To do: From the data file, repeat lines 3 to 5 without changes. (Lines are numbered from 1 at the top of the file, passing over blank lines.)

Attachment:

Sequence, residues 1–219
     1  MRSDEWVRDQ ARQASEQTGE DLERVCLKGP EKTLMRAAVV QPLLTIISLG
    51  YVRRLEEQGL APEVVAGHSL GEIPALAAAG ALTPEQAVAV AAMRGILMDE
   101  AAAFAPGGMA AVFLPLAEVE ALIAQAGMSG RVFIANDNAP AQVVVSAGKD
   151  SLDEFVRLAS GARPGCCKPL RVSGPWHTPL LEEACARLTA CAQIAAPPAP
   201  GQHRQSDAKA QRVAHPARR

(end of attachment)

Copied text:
    51  YVRRLEEQGL APEVVAGHSL GEIPALAAAG ALTPEQAVAV AAMRGILMDE
   101  AAAFAPGGMA AVFLPLAEVE ALIAQAGMSG RVFIANDNAP AQVVVSAGKD
   151  SLDEFVRLAS GARPGCCKPL RVSGPWHTPL LEEACARLTA CAQIAAPPAP